The unedited version of this report was sent to me a few days ago. It was published by the Washington Post and I infer from it that in their opinion they know what is "good" for people to listen to and diminish those who do not share their opinion.
My father often told me often about differing opinions held by people by saying: "Norman, that's what makes horse racing." It is amazing how much smarter he becomes to me with the passing of time.
My rude comments about the Post's attitude will follow the report.
"A man sat at a metro station in Washington DC and started to play the violin; it was a cold January morning. He played six Bach pieces for about 45 minutes. During that time, since it was rush hour, it was calculated that thousands of people went through the station; most of them on their way to work...
The one who paid the most attention was a 3 year-old boy. His mother tagged him along, hurried but the kid stopped to look at the violinist.
Finally the mother pushed hard and the child continued to walk turning his head all the time. This action was repeated by several other children. All the parents, without exception, forced them to move on.
In the 45 minutes the musician played, only 6 people stopped and stayed for a while. About 20 gave him money...
... the violinist was Joshua Bell, one of the best musicians in the world. He played one of the most intricate pieces ever written, with a violin worth 3.5 million dollars.
Two days before his playing in the subway, Joshua Bell sold out at a theater in Boston and the seats average $100.
This is a real story. Joshua Bell playing incognito in the metro station was organized by the Washington Post as part of an social experiment about perception, taste and priorities of people. The outlines were: in a commonplace environment at an inappropriate hour: Do we perceive beauty? Do we stop to appreciate it? Do we recognize the talent in an unexpected context?
One of the possible conclusions from this experience could be: If we do not have a moment to stop and listen to one of the best musicians in the world playing the best music ever written, how many other things are we missing?"
My comments are directed to all of the arbiters of public taste in the world in general, and the Washington Post in particular.
I have a history of being annoyed by those who like to define things as "good" or "not so good." It is not for the Washington Post or anyone else to determine what people should listen to. To "expose" people to different music is a good thing. Judging them for not choosing to like what you have presented is not a good thing.
Here are some of my "likes" that are not for everyone or anyone, just me. I have been very fortunate in having been exposed to so many things, and nevertheless I do like what I like and do not need anyone to tell me what I should like.
I like Broadway musicals particularly Stephen Sondheim among others, but not opera.
I like silly movies like Blazing Saddles and Where's Poppa but not The Godfather.
I like coleslaw, ketchup, salt, Guldens mustard, French fries, and fried onion rings. I do not like a Waldorf salad, beets, steamed artichokes, sushi, sashimi and a bunch of other things.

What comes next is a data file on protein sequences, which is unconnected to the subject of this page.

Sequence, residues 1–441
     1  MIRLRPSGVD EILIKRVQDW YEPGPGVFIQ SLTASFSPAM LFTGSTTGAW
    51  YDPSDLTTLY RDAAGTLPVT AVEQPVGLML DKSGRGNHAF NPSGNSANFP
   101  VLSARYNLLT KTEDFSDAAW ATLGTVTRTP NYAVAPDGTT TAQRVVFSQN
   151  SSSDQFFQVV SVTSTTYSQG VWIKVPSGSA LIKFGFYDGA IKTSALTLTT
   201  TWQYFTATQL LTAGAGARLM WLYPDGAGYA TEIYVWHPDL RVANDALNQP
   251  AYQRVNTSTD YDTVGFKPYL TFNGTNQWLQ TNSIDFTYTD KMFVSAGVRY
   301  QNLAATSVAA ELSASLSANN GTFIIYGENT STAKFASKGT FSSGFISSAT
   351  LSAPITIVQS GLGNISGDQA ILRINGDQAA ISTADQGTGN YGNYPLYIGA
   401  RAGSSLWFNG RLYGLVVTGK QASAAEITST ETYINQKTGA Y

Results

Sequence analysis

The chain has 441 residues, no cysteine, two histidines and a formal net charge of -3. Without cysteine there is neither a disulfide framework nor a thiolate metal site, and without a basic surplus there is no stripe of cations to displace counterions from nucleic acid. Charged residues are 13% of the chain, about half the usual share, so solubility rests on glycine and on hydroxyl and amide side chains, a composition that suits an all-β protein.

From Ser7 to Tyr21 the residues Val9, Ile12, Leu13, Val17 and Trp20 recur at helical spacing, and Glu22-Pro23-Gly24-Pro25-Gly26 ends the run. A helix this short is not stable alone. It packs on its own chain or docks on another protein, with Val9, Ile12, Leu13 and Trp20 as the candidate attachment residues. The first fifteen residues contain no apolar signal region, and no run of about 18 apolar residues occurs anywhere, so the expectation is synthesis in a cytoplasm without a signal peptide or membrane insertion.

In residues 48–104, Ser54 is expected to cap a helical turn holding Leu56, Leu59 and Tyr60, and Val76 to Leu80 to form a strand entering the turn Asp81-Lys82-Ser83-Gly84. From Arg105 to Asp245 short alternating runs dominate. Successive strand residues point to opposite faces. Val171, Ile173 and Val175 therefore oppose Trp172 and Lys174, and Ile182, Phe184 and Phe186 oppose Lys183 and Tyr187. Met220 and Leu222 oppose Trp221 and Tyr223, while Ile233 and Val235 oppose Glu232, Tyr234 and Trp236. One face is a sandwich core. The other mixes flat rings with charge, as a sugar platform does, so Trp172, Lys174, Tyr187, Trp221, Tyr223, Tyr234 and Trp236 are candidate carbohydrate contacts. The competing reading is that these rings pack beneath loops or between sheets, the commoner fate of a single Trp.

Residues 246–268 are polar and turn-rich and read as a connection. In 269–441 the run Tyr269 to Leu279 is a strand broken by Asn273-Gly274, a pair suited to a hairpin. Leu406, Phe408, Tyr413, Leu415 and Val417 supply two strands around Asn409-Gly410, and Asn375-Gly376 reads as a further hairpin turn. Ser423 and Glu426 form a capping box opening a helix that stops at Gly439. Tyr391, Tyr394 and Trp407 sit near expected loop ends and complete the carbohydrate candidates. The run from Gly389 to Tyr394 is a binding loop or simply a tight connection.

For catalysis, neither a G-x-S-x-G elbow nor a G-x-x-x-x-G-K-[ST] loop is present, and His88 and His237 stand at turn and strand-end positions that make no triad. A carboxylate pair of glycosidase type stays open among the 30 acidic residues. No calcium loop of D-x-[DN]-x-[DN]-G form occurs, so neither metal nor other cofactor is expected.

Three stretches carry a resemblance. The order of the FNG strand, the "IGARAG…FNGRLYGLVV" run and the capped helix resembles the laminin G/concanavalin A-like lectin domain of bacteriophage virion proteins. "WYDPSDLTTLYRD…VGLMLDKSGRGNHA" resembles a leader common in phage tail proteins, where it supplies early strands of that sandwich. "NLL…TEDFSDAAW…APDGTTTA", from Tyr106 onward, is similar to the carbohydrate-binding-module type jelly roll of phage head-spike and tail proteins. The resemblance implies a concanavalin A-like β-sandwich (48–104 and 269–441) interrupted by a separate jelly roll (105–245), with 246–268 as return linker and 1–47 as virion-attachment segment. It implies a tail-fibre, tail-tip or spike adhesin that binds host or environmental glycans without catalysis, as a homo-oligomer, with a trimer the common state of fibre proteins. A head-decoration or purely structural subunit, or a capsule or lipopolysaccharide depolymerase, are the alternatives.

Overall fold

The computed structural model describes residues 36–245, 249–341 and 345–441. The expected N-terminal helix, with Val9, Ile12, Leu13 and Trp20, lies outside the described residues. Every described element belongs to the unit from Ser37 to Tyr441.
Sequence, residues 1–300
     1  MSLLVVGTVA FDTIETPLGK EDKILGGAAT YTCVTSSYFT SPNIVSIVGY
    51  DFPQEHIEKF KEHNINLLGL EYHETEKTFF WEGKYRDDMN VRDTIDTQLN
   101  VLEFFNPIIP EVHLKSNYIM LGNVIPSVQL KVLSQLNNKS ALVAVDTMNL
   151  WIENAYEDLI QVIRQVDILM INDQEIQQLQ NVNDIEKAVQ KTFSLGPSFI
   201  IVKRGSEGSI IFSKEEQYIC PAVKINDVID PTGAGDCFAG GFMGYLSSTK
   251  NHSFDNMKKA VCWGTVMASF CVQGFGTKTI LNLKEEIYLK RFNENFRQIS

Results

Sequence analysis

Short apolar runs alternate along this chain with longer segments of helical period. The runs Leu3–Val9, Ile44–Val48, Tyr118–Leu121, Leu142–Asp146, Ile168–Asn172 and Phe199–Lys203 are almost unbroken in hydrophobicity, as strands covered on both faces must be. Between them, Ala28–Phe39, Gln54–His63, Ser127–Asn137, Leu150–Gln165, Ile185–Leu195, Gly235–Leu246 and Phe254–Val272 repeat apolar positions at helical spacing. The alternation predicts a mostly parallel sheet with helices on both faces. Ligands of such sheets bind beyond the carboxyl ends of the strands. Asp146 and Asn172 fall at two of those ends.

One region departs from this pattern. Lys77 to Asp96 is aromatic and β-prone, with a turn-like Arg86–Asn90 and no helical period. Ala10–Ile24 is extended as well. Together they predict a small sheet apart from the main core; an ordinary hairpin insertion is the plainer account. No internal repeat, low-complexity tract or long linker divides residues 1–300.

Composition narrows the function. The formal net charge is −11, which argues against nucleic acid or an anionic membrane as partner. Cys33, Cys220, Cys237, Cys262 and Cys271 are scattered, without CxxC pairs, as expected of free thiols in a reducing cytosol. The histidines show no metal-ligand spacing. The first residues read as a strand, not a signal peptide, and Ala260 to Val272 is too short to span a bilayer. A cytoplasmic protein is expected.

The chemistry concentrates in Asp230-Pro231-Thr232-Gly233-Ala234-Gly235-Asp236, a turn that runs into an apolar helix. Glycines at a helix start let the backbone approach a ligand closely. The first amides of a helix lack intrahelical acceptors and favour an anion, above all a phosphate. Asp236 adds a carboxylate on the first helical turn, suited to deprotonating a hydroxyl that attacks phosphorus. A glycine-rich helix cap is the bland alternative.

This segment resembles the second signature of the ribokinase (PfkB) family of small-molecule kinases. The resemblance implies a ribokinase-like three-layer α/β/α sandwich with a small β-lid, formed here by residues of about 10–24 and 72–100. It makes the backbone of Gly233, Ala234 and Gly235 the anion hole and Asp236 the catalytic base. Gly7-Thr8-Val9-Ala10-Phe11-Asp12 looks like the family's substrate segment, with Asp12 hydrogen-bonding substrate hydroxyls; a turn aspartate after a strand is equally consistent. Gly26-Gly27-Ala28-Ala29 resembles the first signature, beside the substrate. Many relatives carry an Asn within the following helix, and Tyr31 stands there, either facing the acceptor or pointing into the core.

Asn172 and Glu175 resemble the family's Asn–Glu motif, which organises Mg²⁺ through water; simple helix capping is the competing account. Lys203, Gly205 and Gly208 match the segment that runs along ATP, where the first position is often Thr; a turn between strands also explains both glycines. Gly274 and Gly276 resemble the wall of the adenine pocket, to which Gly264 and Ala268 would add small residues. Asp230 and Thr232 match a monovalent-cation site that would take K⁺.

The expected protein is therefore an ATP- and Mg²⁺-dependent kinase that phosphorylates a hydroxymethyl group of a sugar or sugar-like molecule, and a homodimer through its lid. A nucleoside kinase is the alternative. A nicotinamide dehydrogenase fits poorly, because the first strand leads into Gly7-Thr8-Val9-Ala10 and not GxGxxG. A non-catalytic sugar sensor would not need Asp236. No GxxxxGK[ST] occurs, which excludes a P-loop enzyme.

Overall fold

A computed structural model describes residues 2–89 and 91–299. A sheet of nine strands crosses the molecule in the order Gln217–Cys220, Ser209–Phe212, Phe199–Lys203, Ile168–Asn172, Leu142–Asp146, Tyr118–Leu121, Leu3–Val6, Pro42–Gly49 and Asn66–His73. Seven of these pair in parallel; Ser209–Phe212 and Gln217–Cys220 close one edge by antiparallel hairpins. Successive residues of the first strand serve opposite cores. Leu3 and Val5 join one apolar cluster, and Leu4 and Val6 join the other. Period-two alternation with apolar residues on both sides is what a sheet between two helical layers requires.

I like the Carnegie Deli in New York, and dislike most French restaurants in Los Angeles. I have grown to love large grain caviar, yet have never fancied crepes.
I have nodded off during concerts of the Los Angeles Philharmonic, and always stayed awake at a Bette Middler or Mandy Petemkin concert.
As someone involved in the sale and production of movies and television content, I abhor (a good word that I seldom use) it when so many look down their noses at many movies and television programs and determine what is "good" or "not good" for people to eat or listen to, or watch or read.
I too probably would have walked past Joshua Bell playing in the subway, but SO WHAT! Why not hold up a sign when Bell was playing his multi million dollar violin telling everyone to listen. Had Peyton Manning been throwing a fifty dollar football in the subway you can bet many more would haw stopped to watch.
I liked to watch Mickey Mantle play baseball; Willis Reed play basketball; John McEnroe play tennis; and Sammy Baugh play football.
I also would buy Playboy and only read the articles. (Now I'm lying.)
Ever since I can remember there have been those around me who would espouse the notion of "my taste is better than your taste."
Many lauded the words of the FCC Chairman Newton Minnow who referred to Television as "a vast wasteland."
I was aware of his remarks and immediately turned on my television set and watched Yogi Bear, Bugs Bunny, and the Three Stooges, all of whom lived together in a rented house in Minnow's vast wasteland.
When my family moved to Los Angeles thirty five years ago I asked my young son if he wanted to play flag football, a "real American game." When he said no he would rather play soccer, I almost fainted. Wanting to play soccer thirty five years ago was like admitting that you were a Communist. Now having said that:
It was what he liked.
It was what he wanted to do.
It was not for me to approve or disapprove.
I need a tuna salad sandwich on rye toast with mayo, some fries, and a chocolate malted immediately.
That's all there is to it.
In my not very humble opinion, screw whomever wrote the article in the Washington Post, and I mean that in the nicest possible way.
To hell with Champagne, get me an egg cream.